What is a dermatologist?

What is a dermatologist?

What is a dermatologist and what does a dermatologist do? You may think a dermatologist does some advanced form of skincare, but that is far from a complete view of what a dermatologist is.

A dermatologist is a doctor that specializes in the health of the skin, nails, and mucous membranes.

A dermatologist can also assist patients to revitalize the look of hair, the skin, and nails.

Dermatologists treat over 3,000 skin conditions, such as acne, psoriasis, and skin cancer.

In addition, they are trained to carry out skin grafts the excision of lesions, and much more.

What is dermatology?

Dermatology is an area of medicine concerned with diseases of the hair, nails, and mucous membranes and also the health of the skin.

The skin is the biggest organ in the body. It frequently reflects health, and is the first line of defense against harm and bacteria.

Qualifications for a Dermatologist

Some professionals in beauty practices and spas call themselves dermatologists, but they do not have the appropriate accreditation.

A professional dermatologist will be board-certified by the American Osteopathic Board of Dermatology, the American Board of Dermatology, or the Royal College of Physicians and Surgeons of Canada.

A dermatologist has to finish both college and medical school as either a medical doctor (MD) or a doctor of osteopathic medicine (DO). They will have finished a residency involving a year of work as well

Check out here for more info on qualifications for a dermatologist in Canada.

Common conditions treated by Dermatologist

Dermatologists can treat over 3,000 conditions.

The practice of dermatology requires great knowledge. Dermatologists need to know the numerous internal conditions that can lead to skin symptoms.

Here are a few examples of the common conditions dermatologists are trained to treat.

Vitiligo: The skin loses melanin, leading to patches of darker coloured skin.

Acne: One of the most common ailments, acne is a disease affecting the oil glands of the skin. A variety of causes can result in a lot of different kinds of pimples. Acne can result in low self-esteem, depression, and scarring.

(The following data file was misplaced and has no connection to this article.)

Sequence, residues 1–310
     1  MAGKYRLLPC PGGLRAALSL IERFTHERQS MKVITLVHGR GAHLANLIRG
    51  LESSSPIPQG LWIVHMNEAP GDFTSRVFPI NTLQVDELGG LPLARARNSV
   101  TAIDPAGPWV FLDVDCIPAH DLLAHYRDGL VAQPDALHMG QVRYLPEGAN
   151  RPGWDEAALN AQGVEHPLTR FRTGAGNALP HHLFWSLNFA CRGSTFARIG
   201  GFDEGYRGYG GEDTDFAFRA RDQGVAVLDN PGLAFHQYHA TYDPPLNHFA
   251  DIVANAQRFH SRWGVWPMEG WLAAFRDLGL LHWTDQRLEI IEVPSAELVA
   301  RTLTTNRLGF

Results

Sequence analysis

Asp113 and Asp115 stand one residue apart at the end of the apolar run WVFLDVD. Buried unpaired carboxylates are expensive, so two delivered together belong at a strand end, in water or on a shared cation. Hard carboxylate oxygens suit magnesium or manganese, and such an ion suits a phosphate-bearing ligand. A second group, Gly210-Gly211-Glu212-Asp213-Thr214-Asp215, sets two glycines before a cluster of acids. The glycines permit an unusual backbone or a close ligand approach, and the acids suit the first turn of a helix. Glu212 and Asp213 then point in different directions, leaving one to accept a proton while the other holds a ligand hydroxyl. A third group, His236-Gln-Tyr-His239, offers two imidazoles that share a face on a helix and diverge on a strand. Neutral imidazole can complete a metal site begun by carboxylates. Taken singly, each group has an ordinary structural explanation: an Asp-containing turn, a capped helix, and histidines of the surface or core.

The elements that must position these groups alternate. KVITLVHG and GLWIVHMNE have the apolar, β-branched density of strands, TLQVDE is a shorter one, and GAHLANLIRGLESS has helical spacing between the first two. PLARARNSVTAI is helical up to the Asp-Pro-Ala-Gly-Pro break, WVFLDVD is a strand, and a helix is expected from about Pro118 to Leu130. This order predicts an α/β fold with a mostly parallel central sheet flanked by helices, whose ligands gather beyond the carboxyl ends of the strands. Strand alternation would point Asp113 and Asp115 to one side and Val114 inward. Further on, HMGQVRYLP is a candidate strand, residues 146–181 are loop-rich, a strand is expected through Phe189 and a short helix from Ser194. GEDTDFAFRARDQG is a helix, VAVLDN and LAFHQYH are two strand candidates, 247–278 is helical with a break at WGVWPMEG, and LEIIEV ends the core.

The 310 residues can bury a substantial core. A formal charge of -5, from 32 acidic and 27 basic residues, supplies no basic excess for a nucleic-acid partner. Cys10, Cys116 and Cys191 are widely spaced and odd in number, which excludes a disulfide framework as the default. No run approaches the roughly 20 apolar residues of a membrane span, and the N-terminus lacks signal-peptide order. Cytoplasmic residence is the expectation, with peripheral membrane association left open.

Dermatitis and eczema: Dermatitis is inflammation of the skin. It typically leads to swelling and itchy rash. Dermatitis takes distinct forms, including atopic dermatitis, seborrheic dermatitis, and contact dermatitis. Each affects the skin differently.

Fungal Infections: Fungus can irritate the skin, nails, and hair. Fungal infections are common, and symptoms are typically mild. Severe symptoms can be seen in people with less immunity. A group of yeasts called Candida can result in a wide range of infections, including oral thrush and balanitis.

Hair disorders: The loss of hair may be the result of an isolated issue, or an underlying illness, such as alopecia. Hair can also be affected by head lice.

Nail problems: Dermatologists also treat conditions affecting the nails. These often consist of fungal infections and ingrowing toenails. They can be indicative of other problems.

Psoriasis: This is a chronic, autoimmune skin disorder that accelerates the growth of skin cells. This leads to thick skin and silvery scales. There are several distinct types of psoriasis. Psoriasis can sometimes have a similar appearance to eczema.

Rosacea: Rosacea causes inflammation at the face, similar to blushing. Small, pus-filled lumps often appear, and rosacea may also lead to visible blood vessels and swollen eyelids. Rosacea can spread from the nose and cheeks to the brow, chin, ears, chest, and back. Middle aged women with fair skin often experience rosacea.

Skin Cancer: Over 80,000 cases of skin cancer are diagnosed in Canada each year. Most skin cancers can be resolved by early treatment.

Shingles, or herpes zoster: This viral infection affects the nerve endings in the skin and causes a painful rash. Even though the condition clears after a couple of weeks, intervention is suggested to accelerate recovery after the disease has gone, and prevent long-term pain, numbness, and itching. Shingles can also possibly damage the eyes.

Warts: Warts are infectious, benign skin growths that appear when a virus infects the top layer of skin. Warts can indicate a problem with immunity, but they often are resolved without treatment. A dermatologist can use a variety of treatments to get rid of warts that are persistent.